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      • You are definitely right there, Eric. Making it up by means of what others tried. Books and advice help in some way, but for most parts, it’s trial and error…with the hope of less error on our part. The follow through is so important. And the one thing that works. I’m waiting for the day when they stopped taking us seriously…like when they are teenagers. Not looking forward to that! But I hope, never…and that’ll be another topic to write about on “respect”. 😀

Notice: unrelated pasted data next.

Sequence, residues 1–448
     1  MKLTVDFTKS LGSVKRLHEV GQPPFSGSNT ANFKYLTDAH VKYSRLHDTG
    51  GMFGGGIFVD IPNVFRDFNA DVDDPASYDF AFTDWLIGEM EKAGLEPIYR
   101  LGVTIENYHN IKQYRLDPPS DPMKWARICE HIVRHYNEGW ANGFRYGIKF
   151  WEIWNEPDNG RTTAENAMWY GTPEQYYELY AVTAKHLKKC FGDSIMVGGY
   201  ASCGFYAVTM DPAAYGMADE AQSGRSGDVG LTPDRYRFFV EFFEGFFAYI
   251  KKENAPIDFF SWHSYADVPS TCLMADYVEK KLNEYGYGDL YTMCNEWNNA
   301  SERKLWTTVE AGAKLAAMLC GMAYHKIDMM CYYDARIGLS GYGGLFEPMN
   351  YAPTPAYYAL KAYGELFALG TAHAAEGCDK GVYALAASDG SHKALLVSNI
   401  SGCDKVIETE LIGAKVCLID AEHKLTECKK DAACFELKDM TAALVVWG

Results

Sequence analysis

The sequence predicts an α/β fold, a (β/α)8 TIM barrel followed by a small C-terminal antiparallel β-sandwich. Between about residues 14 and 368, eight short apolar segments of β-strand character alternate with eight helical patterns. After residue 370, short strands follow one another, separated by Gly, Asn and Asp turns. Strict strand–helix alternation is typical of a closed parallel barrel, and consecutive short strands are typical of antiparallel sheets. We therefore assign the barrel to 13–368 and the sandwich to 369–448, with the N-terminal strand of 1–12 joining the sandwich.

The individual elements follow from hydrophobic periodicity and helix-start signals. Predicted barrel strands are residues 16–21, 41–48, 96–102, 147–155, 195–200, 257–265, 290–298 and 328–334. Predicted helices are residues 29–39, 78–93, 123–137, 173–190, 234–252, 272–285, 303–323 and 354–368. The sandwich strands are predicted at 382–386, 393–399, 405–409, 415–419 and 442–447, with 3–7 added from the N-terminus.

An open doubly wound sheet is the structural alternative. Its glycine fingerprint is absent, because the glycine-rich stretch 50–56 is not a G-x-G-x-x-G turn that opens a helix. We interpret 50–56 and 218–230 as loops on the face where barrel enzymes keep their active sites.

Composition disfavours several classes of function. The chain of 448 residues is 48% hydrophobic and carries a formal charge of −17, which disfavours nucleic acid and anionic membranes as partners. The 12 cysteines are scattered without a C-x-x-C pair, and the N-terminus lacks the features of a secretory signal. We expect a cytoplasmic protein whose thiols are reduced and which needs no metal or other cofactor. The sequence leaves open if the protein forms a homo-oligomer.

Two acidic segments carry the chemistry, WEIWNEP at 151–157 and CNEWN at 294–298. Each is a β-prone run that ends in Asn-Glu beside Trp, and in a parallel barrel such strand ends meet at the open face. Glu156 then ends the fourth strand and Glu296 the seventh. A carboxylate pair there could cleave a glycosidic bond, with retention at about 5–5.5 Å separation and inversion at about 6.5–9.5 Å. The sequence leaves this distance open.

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      • I’m a bit (actually VERY) worried when our become teenagers. We’ve been trying to teach respect. While they seem show respect to others the majority of the time, they don’t seem to have much for us. They won’t clean up their messes without us going into Bat shit mode. They argue everything. But then they turn on the charm and it’s difficult to stay mad at them.